Like many people, I am particular about my pens. The tip should be neither too thick nor too thin. The ink should be neither too runny nor too obstinate. The grip should be neither too great nor too small. I want my ink to be black if it’s black and blue if it’s blue—neither charcoal nor teal will do. At home, I have a fine collection of fountain pens, though replacing the nibs and ink reservoirs often drives me crazy. At work, therefore, I stick to disposable pens, though I am perhaps too quick to dispose of pens that don’t write the way I would like them to (not the most sustainable practice, I know). Thankfully, Madrid-based design firm enPieza is finding a good use for all my discarded pens with their Volivik ceiling light.
Volivik 347 nna. Designed by enPieza.
Unusual, Writerly Chandelier
Constructed of Bic pens of no particular worth (aesthetic or otherwise), Volivik comes in three chandelier models: Volivik 347 nn, Volivik 347 nna, and Volivik 895 nn. The 347 nn and 895 nn models use clear and black plastic pens, while the 347 nna uses yellow and black plastic pens. Both 347 models measure 80 cm h x 52 cm w; the grandiose 895 measures 120 cm h x 90 cm w. Although the smaller chandeliers are limited to editions of 30 units, the mammoth Volivik—a real tribute to Bic—has no stated production cap. The yellow Volivik is the same iconic color as those No. 2 pencils children use to take pesky standardized tests. This model ignites the imagination with visions of sherbet-colored maps and forest green chalkboards, though it doesn’t do much to reflect light: the yellow plastic of these pens is opaque. You can, however, enjoy the illumination as it peeks between the vertically hung pens.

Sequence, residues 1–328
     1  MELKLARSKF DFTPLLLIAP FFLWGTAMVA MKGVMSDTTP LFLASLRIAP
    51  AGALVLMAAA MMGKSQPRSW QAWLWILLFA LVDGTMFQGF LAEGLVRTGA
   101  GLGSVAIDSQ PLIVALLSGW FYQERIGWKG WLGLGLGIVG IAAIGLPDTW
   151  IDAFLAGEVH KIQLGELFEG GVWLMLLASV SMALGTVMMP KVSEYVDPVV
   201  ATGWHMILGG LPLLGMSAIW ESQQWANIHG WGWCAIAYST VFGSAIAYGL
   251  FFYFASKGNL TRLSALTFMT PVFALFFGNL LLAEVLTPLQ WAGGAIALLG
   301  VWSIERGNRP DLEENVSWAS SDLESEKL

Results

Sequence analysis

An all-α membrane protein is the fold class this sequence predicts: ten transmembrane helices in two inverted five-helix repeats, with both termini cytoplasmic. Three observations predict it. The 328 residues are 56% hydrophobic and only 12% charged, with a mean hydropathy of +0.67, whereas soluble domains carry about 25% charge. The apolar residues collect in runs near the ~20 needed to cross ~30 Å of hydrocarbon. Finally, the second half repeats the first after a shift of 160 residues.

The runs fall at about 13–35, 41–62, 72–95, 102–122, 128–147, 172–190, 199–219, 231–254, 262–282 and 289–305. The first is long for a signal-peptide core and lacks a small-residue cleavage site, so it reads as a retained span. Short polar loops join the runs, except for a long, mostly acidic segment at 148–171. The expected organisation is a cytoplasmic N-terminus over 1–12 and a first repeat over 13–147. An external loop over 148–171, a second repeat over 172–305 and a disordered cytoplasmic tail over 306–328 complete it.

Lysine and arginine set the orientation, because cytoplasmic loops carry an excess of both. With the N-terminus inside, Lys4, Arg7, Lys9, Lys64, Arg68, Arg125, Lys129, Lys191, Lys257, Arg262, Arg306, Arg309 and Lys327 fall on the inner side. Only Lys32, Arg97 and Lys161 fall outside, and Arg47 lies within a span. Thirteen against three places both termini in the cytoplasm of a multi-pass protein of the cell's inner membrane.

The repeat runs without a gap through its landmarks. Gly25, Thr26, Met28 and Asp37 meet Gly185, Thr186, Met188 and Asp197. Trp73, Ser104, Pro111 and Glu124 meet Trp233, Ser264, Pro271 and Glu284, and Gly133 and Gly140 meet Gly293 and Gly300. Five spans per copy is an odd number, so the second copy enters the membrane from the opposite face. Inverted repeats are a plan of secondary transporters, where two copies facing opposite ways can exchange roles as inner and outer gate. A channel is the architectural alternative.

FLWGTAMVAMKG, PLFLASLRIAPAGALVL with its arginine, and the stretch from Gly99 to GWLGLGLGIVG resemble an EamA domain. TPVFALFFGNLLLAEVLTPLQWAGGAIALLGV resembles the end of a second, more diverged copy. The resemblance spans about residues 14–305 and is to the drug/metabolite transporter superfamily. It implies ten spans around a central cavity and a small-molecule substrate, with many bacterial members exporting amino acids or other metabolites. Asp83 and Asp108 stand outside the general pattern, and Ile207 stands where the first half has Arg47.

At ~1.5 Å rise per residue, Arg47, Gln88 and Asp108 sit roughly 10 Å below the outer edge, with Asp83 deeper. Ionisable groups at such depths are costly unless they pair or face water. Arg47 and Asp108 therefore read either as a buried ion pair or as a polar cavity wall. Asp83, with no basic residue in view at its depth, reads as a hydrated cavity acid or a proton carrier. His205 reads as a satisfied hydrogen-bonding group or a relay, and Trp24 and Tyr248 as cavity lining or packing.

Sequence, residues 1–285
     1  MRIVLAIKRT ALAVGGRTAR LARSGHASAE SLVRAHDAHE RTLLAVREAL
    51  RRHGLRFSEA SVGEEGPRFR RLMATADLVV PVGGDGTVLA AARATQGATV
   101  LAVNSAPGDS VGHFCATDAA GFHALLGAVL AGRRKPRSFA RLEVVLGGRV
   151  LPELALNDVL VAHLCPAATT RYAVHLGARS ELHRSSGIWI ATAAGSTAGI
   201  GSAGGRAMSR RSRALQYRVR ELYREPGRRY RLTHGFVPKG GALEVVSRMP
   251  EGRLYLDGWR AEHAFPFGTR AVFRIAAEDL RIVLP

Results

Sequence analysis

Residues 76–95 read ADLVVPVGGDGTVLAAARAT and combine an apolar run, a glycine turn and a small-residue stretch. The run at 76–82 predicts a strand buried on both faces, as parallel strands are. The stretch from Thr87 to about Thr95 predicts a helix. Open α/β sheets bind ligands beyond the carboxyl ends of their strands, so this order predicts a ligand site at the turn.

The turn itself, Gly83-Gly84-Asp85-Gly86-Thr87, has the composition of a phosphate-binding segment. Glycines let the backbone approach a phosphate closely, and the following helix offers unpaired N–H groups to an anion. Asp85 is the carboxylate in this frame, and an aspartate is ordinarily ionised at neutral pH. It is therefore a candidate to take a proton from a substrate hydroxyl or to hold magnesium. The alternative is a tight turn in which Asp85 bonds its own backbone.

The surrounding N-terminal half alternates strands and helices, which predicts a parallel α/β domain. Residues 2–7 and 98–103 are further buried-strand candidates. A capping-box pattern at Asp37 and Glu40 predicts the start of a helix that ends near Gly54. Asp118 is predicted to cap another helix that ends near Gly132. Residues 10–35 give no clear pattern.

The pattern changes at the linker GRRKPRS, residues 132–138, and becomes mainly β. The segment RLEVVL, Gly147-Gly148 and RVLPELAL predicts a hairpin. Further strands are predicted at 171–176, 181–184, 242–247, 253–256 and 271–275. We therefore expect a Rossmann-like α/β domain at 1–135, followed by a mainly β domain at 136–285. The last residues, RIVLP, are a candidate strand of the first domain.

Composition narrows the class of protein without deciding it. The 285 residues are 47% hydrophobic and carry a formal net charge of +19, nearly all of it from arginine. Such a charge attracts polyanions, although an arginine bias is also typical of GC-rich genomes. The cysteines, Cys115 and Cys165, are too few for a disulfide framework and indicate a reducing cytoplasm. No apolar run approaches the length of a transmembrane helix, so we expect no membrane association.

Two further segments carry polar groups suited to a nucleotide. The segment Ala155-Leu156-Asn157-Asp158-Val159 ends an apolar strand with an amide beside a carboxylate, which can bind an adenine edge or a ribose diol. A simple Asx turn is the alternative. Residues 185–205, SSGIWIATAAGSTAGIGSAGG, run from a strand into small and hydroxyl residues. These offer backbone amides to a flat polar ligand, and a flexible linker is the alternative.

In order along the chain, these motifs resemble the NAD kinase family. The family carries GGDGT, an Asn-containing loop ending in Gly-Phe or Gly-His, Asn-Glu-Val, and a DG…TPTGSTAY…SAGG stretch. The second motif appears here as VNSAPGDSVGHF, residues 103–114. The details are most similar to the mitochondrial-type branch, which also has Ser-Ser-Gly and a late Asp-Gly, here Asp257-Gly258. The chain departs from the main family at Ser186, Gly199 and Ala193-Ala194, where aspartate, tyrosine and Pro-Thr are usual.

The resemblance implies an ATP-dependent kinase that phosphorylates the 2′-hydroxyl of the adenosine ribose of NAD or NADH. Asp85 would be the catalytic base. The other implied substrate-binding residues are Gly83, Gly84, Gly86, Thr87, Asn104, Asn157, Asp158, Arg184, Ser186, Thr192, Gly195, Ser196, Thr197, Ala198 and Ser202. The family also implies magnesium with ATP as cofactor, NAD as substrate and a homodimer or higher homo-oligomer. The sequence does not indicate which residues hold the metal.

Volivik 895 nn and Volivik 347 nn. Designed by enPieza.
Volivik 347 nn. Designed by enPieza.
Volivik 895. Designed by enPieza.
I am more of a fan of the Volivik 347 nn and 895 nn, both of which take advantage of the translucent pen casings (already lovely, since their transparency allows you to examine the capillaries of ink). With these chandeliers, you can truly admire the refraction of light—the Volivik is scintillating. An obvious choice for writers, Volivik would also be an ideal ceiling light for educational institutions and libraries. If elementary schools were outfitted with products like enPieza’s Volivik, we might inspire children everywhere to grow up with a talent for defamiliarizing everyday objects—and these future citizens of the world might do a lot in the way of sustainable product design.